Mum pens heartbreaking post about newborn’s death caused by Cronobacter Infection
The infant struggled with the rare but severe illness for 9 days. Read his mum’s tragic account here, and find out more about Cronobacter Infection and how to prevent it here.
“On June 9, 2016 we had to bring Axel into the Emergency Room because he had been excessively crying since 3:30 in the morning,” the Facebook post of mum Jamie Nicole Shears begins.
The events leading up to the trip to the emergency room had been at once a tumultuous and confusing time. Axel was fussy and running a fever, and despite her many attempts to calm her baby down, she failed.
At three in the morning, she gave him his pacifier and to put him down to bed. Ten minutes later, he woke up crying and screaming.
“I FINALLY got him to go to sleep holding him snugged to my chest so I stayed awake and watched my baby finally get some rest,” the post continues. “Axel had a fever of 100.3 but it went back down to normal about a half hour after me putting a cool rag on his head...”
Jamie and her husband also noticed that whenever they tried to move their baby, he would scream, even with the tiniest touches.
The couple tried everything to soothe their baby before deciding to go to the ER.
“We tried gas drops because maybe [he had] a stomach ache..nope..tried burping him multiple times..rocking him..swaddling..gave him a bath..NOTHING HELPED.”
Below is her full account, originally posted on the Enfamil page.
At the hospital, Jamie said Axel had gone completely blue and stopped breathing.
After conducting tests, the doctors found that Axel was suffering from an infection called Cronobacter Infection, a “bacterial infection in his blood that went to his spinal fluid which led to his brain, causing multiple mini strokes which led to multiple seizures as well.”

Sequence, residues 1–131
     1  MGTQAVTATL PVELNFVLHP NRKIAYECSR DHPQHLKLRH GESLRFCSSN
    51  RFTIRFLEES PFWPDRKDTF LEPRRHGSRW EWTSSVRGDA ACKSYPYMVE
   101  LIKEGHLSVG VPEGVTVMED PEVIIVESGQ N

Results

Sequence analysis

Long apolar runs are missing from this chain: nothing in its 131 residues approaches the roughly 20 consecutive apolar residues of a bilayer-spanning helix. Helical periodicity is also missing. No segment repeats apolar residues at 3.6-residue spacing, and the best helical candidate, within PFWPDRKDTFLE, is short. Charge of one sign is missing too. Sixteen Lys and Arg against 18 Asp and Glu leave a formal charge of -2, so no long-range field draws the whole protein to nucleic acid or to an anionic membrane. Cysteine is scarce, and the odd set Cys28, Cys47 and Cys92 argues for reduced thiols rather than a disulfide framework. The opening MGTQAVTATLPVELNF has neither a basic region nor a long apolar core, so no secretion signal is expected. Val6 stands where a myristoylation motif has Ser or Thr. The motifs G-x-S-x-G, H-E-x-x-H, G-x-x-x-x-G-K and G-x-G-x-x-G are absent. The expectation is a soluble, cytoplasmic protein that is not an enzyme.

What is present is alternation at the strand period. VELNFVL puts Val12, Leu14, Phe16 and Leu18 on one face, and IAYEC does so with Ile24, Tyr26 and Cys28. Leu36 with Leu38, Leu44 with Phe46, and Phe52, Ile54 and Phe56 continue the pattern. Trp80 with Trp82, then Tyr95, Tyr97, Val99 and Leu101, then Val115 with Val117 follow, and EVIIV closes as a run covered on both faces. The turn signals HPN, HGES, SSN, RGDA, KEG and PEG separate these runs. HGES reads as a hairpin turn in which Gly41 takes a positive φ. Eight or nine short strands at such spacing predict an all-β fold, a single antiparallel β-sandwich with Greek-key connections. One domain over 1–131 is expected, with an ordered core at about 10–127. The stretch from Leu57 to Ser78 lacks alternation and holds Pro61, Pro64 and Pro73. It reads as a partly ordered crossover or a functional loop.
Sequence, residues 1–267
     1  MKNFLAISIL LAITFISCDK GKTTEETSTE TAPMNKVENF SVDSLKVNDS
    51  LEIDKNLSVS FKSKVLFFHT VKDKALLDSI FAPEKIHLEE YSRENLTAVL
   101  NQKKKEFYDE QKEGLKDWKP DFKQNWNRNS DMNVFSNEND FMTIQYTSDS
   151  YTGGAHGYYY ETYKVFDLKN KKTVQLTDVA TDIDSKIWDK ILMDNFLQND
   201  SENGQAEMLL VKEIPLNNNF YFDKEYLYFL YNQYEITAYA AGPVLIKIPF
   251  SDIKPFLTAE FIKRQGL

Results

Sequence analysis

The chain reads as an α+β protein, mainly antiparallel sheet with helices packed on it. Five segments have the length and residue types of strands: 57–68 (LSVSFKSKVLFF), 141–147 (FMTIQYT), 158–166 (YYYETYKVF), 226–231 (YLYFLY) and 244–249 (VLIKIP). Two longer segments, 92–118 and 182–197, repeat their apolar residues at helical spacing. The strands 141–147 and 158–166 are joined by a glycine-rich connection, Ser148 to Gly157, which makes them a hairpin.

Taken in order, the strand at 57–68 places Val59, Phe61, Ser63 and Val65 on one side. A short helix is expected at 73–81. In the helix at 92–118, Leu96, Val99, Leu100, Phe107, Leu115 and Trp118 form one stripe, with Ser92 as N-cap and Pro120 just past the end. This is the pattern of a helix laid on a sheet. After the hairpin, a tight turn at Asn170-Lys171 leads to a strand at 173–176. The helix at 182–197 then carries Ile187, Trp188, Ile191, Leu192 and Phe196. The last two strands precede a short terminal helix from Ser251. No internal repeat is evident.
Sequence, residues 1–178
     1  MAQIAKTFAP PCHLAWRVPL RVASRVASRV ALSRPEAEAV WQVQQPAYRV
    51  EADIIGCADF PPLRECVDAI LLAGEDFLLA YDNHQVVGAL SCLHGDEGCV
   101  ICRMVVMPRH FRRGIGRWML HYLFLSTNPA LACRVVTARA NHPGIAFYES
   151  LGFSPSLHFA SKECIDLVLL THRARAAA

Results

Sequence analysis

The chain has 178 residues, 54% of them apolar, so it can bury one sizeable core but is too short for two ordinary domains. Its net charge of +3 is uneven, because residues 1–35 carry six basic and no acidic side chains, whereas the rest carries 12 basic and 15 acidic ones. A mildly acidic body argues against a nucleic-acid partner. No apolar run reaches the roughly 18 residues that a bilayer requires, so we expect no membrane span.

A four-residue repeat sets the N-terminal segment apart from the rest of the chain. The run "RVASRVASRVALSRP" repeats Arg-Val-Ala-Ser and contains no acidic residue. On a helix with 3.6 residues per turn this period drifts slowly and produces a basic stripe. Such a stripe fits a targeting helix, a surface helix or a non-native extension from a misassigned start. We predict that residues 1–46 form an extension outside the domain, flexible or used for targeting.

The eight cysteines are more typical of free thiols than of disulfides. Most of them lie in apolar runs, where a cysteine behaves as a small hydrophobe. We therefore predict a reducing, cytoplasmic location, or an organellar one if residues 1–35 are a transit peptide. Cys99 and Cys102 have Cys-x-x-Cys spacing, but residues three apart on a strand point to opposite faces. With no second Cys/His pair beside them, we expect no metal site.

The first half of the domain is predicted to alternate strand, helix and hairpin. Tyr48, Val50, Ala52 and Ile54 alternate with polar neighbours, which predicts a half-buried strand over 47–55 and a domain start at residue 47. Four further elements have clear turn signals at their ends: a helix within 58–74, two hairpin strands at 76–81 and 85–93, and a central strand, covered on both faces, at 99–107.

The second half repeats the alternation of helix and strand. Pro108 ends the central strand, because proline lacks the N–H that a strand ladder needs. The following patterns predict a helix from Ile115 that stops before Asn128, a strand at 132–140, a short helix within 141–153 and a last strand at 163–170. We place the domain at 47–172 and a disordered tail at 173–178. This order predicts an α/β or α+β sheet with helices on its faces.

Axel had been placed on life support because he couldn’t breathe on his own. An MRI also revealed that all four parts of his brain had been affected by the infection.
Sadly, Axel’s doctors said that the infant’s prognosis didn’t look good and had very little chance at life. On June 18, Jamie and her husband made the painful decision to take their son off life support.
“He fought SO HARD...SO HARD..but his little body just couldn't do it anymore,” the grieving mother says. “He passed 3 times but coming back each time to give us just a few more breaths but then at 11:35 a.m. he took his last breath & went to be with the Lord.”
Axel was only 27 days old.
Find out more about Cronobacter Infection on the next page.
According to the Centers for Disease Control and Prevention, Cronobacter Infection is a rare but serious illness in infants.
“Cronobacter bacteria can cause severe blood infections (sepsis) or meningitis (an inflammation of the membranes that protect the brain and spine),” the website says. “In infants, the sickness generally starts with fever. It usually includes poor feeding, crying, or very low energy. Young infants with these symptoms should be taken to a doctor.”
In some outbreak investigations, the CDC says, Cronobacter was discovered in powdered infant formulas that had been contaminated in the factory. “In other cases, Cronobacter might have contaminated the powdered infant formula after it was opened at home or elsewhere during preparation.”
Protecting your infant from Cronobacter Infection
To minimize the chances of your baby getting in contact with the infection, CDC says it’s best to feed them breastmilk or an infant formula sold in liquid form.
However, if you’re to feed them powdered formula, good hygiene and proper storage must be strictly followed.
Parents must wash their hands prior to preparation, making sure that all work surfaces have been properly cleaned. It’s also recommended to mix the formula with hot water to kill off germs.
The CDC also advises parents to use the formula within two hours of preparation, and throw away leftovers should there be any. And if they’re not planning to use the formula right away, immediately store it in the refrigerator and consume within 24 hours.
*Lead image only a representation
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